What does this have to do with me and the campus of Rice University? Remember, I’d watched the movie recently so it was fresh in my mind as I walked to classes on a cool fall morning. Cool for Houston, probably in the low 80’s.

Rice campus

Under the trees, on the paths, almost everywhere lay dead and dying birds. Robins, starlings, others I didn’t recognize. Students gasped and exclaimed and giggled nervously and made awkward jokes. A crow dropped out of a tree in front of me. Your heart can leap into your throat, believe me. All I could think of was that we were in the middle of The Birds, and although these specimens were dead, others could attack—soon! Yes, eerie. Of course that didn’t happen.

I learned later what had likely caused the deaths. Dozens of migratory bird species stop in and around Houston every fall to rest, many of them roosting in trees at Rice. This particular fall, parasites were attacking the trees, so the groundskeepers, not considering the migrating birds, had sprayed the foliage. Thus the sudden deaths. The spraying was halted immediately, and rains mitigated the danger to the next arriving flocks.

I still think my takeaway from Daphne du Maurier’s story about the coming threat might be appropriate.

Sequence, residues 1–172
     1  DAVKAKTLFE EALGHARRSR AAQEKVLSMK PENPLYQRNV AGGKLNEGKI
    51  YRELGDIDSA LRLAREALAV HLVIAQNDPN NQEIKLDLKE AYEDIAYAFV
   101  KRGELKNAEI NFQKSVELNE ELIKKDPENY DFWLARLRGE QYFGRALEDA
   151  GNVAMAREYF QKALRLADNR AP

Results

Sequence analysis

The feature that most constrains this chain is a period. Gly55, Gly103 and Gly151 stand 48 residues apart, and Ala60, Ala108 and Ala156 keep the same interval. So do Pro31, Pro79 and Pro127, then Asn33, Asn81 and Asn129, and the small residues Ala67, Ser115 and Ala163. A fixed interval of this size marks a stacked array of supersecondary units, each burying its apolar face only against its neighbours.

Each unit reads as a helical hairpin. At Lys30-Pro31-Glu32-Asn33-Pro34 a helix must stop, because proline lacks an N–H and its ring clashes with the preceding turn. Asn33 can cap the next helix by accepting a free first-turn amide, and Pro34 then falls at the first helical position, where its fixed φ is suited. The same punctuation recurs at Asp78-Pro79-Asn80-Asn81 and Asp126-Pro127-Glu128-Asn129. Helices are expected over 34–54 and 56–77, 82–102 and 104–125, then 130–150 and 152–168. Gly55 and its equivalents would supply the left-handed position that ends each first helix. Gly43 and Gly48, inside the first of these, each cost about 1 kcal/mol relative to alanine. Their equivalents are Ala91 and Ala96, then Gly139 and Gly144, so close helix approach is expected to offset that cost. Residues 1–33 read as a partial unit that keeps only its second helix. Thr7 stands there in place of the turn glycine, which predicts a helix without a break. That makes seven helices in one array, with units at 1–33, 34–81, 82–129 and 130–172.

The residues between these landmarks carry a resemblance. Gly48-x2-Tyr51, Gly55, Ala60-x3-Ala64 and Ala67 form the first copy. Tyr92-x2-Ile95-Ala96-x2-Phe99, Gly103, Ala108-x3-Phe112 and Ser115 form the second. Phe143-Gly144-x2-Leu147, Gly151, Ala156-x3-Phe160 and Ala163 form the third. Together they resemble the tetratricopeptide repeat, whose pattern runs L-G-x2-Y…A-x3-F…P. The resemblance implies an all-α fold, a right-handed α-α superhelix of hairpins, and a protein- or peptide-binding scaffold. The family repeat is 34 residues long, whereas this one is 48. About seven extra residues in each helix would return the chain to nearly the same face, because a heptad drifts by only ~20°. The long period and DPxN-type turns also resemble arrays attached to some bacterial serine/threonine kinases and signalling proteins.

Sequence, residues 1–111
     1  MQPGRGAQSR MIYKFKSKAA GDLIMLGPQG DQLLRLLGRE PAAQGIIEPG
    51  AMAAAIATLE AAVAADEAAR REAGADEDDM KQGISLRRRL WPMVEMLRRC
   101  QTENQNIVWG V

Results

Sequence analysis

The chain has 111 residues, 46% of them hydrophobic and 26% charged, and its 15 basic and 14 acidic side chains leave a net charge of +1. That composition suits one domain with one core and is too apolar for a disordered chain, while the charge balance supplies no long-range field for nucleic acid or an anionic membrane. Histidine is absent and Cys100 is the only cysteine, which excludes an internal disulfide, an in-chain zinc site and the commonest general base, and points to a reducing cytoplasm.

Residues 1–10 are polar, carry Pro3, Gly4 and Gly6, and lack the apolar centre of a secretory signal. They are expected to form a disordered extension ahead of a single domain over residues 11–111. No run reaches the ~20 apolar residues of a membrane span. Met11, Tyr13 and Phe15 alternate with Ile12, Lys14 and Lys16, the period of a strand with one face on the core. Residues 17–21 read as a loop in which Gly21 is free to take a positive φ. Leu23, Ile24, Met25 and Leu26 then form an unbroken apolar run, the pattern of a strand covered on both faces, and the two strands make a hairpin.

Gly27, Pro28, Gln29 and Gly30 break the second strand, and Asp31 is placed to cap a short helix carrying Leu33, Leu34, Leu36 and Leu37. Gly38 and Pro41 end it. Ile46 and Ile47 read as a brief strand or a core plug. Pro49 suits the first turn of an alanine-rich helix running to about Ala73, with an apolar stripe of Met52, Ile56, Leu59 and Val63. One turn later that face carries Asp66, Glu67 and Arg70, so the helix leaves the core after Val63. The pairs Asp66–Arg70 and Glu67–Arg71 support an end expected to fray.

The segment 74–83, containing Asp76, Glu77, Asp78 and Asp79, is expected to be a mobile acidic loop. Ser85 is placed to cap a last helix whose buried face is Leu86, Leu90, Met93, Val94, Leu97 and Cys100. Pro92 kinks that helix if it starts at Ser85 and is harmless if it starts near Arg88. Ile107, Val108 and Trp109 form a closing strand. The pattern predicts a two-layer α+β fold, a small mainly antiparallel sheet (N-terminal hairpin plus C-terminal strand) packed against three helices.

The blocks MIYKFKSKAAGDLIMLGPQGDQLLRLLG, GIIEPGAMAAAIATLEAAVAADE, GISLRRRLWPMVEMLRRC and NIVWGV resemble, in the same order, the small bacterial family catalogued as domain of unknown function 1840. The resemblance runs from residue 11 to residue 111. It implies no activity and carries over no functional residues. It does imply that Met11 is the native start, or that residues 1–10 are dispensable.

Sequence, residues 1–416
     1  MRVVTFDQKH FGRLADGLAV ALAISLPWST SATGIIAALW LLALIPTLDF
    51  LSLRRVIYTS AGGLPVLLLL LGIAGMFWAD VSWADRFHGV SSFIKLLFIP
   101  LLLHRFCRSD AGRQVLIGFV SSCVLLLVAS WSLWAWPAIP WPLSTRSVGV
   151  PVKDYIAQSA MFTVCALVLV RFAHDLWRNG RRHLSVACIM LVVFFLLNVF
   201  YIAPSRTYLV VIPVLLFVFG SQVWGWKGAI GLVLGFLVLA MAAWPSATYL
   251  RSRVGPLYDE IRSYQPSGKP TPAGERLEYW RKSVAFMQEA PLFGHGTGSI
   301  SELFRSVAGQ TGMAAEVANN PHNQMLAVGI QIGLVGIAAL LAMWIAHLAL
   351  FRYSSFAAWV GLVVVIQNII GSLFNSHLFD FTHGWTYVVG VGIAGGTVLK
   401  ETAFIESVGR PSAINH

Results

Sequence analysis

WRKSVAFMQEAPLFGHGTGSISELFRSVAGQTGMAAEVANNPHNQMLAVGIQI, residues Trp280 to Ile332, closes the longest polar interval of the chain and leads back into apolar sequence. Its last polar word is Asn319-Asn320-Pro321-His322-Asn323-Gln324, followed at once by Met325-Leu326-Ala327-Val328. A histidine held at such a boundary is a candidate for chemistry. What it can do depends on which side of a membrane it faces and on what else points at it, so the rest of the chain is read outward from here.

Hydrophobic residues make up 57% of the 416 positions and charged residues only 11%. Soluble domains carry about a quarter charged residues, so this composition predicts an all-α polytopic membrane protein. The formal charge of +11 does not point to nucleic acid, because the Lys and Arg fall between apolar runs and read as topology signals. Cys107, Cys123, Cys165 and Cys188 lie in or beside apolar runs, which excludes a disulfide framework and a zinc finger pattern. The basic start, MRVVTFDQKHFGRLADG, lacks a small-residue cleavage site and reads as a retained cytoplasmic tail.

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13 Responses to THE BIRDS – AN EERIE TALE

  1. Jewel Hanley says:

    The Birds movie haunted me for weeks. I thought the setting could be anyplace on the coast of New England. Birds dropping out of the air. . .well I might not be here to write this. Fun read. I didn’t know this was from a book, now I want to read it — maybe. It’s still a scary premise, isn’t it.

  2. Karla says:

    Wow. What parallel stories. Maybe there is no fiction. Just interpretation. Thanks for yours.

  3. MCWriTers says:

    Sad story. But, then, most scary stories are …. Thanks for sharing, Susan! Lea Wait

  4. Interesting tale, Susan. The movie sure was a fright, and I can see why it would have alarmed you to see all those poor dead birds shortly after seeing it.

    And you are right about the need to take care of our planet.

  5. Just thinking about the movie brings many of the scenes to mind (yeah, thanks for that, Susan). The spookiest scene for me was when Tippi was walking toward the school and the birds, I think they were crows, were roosting on the playground equipment and electric wires, quietly watching. I found the silent menace quite disturbing.